Five weeks and counting
Spanish classes are going well, and I’ve only cried in class once (seriously), so that’s an accomplishment. I feel like I’m going to cry often, but I’ve mostly been able to hold it together! It’s a very emotional experience for me, and it’s incredibly frustrating when I’m trying to express myself in Spanish, but just can’t put the sentences together or can’t come up with the vocabulary I need to communicate. I can’t imagine what Joaquin and Norberto went through moving to the US to go to grad school knowing very little English, or what my Cuban family members went through entering the US during the revolution and afterwards, or what millions of immigrants go through daily across the world as they enter foreign countries trying to improve their circumstances and those of their families. I’m here studying Spanish by choice, under extremely fortunate circumstances and I’m struggling with five hours of intense instruction every day. Imagine trying to glean what you can on the fly as you simply try to survive? I’m deeply humbled and impressed.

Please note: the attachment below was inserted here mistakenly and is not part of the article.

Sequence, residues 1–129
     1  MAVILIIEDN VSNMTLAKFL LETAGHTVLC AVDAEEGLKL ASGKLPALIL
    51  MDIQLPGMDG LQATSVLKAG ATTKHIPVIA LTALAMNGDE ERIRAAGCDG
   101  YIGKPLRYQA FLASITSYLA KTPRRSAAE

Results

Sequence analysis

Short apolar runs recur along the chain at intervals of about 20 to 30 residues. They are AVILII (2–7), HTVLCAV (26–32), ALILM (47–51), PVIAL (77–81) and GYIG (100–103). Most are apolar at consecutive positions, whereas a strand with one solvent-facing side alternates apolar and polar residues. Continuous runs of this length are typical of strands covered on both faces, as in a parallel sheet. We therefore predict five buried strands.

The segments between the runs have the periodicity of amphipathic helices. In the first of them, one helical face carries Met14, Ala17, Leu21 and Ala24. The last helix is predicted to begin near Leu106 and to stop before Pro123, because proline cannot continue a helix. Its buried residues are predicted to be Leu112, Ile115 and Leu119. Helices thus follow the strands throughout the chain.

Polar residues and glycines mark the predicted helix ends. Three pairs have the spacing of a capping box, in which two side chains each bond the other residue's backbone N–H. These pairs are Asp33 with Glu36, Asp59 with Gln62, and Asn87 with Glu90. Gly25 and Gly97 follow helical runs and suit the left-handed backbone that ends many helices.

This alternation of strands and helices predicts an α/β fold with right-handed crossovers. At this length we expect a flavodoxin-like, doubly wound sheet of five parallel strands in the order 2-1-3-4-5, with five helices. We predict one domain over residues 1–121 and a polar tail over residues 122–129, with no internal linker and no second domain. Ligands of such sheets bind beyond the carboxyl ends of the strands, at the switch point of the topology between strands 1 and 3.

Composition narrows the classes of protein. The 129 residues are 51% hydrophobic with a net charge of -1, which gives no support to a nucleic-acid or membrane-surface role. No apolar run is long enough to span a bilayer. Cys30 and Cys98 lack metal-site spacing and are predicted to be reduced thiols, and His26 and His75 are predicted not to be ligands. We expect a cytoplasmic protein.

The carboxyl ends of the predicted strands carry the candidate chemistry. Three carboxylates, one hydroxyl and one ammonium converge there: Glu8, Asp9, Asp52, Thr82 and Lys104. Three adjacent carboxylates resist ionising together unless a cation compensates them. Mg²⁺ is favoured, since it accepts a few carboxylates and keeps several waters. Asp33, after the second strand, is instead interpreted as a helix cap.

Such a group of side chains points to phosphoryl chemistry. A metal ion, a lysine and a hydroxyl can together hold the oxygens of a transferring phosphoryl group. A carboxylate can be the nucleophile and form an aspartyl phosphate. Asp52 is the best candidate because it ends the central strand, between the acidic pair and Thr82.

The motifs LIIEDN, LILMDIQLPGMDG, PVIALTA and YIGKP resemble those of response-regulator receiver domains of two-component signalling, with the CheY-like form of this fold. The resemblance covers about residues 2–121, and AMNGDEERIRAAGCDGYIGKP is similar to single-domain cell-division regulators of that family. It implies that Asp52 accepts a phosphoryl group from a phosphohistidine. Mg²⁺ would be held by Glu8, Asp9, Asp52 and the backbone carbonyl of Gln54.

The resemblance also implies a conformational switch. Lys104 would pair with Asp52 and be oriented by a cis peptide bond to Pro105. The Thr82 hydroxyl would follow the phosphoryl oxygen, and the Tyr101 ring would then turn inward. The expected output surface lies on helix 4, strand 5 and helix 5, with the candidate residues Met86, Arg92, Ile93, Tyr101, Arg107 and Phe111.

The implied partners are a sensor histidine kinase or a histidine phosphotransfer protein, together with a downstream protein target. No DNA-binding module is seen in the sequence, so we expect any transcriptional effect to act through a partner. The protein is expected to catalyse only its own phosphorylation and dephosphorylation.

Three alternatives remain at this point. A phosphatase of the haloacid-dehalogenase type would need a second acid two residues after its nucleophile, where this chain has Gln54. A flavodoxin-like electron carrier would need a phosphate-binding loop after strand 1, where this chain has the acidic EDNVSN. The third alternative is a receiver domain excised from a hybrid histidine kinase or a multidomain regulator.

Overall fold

This past week we’ve had a few outrageous storms. The deluge of rain is one thing to behold, but the thunder feels like an earthquake. The only way I can describe it is that it feels . . .personal! You feel it throughout your body like . .. I don’t know. . pressure waves or something. One of the storms brought strong wind with it, which isn’t unusual for us on the East Coast of the US, but here apparently wind is unusual. It caused water to pile up on the balcony above my front room and then WHOOSH! The water found it’s way through the wood and into my apartment. I had about a five foot wide waterfall that soaked everything. Even my computer and ipad got wet, but thankfully the laptop was closed at the time. I had to run around moving all of my things into the bedroom with the hope that the water wouldn’t find it’s way in there! No way to get help here either. I had to go out in the storm to find the ‘security guard’ who came in with a broom to help me get the water out of the apartment, but by then the waterfall had stopped. The owner of the apartment is an A-hole who lives in Canada half the year (this half) and she couldn’t care less. She won’t authorize the staff to bring anyone in to assess the issues and fix anything that might need fixing to ensure the apartment won’t flood again. As far as she’s concerned, it’s a non issue. Not even as much as an apology. She told the staff that I could move into the hotel for 2.5 times what I’m paying now or move out, but she said she was going to keep part of my reimbursement to cover fees she paid to Airbnb. I paid those fees too Beeeotch. Anyway, I love my apartment and would prefer to stay, but it means taking the risk of another flood. I found another apartment and am waiting to hear back from Airbnb about the reimbursement. The other perpetual issue is that they simply cannot find a solution to provide consistent internet in my apartment. I have to sit in the crappy apartment next door to do anything significant like post this blog. Oh well. We’ll see what goes on!